(10) Sun screening devices meeting the requirements of Section 26708.2 installed on the side windows on either side of the vehicle’s front seat, if the driver or a passenger in the front seat has in his or her possession a letter or other document signed by a licensed physician and surgeon certifying that the person must be shaded from the sun due to a medical condition, or has in his or her possession a letter or other document signed by a licensed optometrist certifying that the person must be shaded from the sun due to a visual condition. The devices authorized by this paragraph shall not be used during darkness.
(e) Notwithstanding subdivision (a), clear, colorless, and transparent material may be installed, affixed, or applied to the windshield, side, or rear windows of a motor vehicle if the following conditions are met:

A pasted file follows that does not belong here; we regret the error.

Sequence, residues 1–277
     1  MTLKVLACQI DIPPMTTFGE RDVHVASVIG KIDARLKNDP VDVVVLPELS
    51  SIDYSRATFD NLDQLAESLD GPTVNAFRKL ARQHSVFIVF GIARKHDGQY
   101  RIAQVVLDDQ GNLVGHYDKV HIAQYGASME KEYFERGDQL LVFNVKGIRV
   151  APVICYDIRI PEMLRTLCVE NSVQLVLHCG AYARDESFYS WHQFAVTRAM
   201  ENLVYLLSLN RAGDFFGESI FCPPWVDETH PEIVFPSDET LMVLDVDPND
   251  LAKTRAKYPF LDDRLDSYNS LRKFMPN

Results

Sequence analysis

(1) The material has a minimum visible light transmittance of 88 percent.
(2) The window glazing with the material applied meets all requirements of Federal Motor Vehicle Safety Standard No. 205 (49 C.F.R. 571.205), including the specified minimum light transmittance of 70 percent and the abrasion resistance of AS–14 glazing, as specified in that federal standard. (3) The material is designed and manufactured to enhance the ability of the existing window glass to block the sun’s harmful ultraviolet A rays.
(4) The driver has in his or her possession, or within the vehicle, a certificate signed by a licensed dermatologist certifying that the person should not be exposed to ultraviolet rays because of a medical condition that necessitates clear, colorless, and transparent film material to be installed on the windshield, side, or rear windows.
(5) If the material described in this subdivision tears or bubbles, or is otherwise worn to prohibit clear vision, it shall be removed or replaced.
Is a letter from a non-US (United States) licensed physician legally valid to use prescription tint windows in California?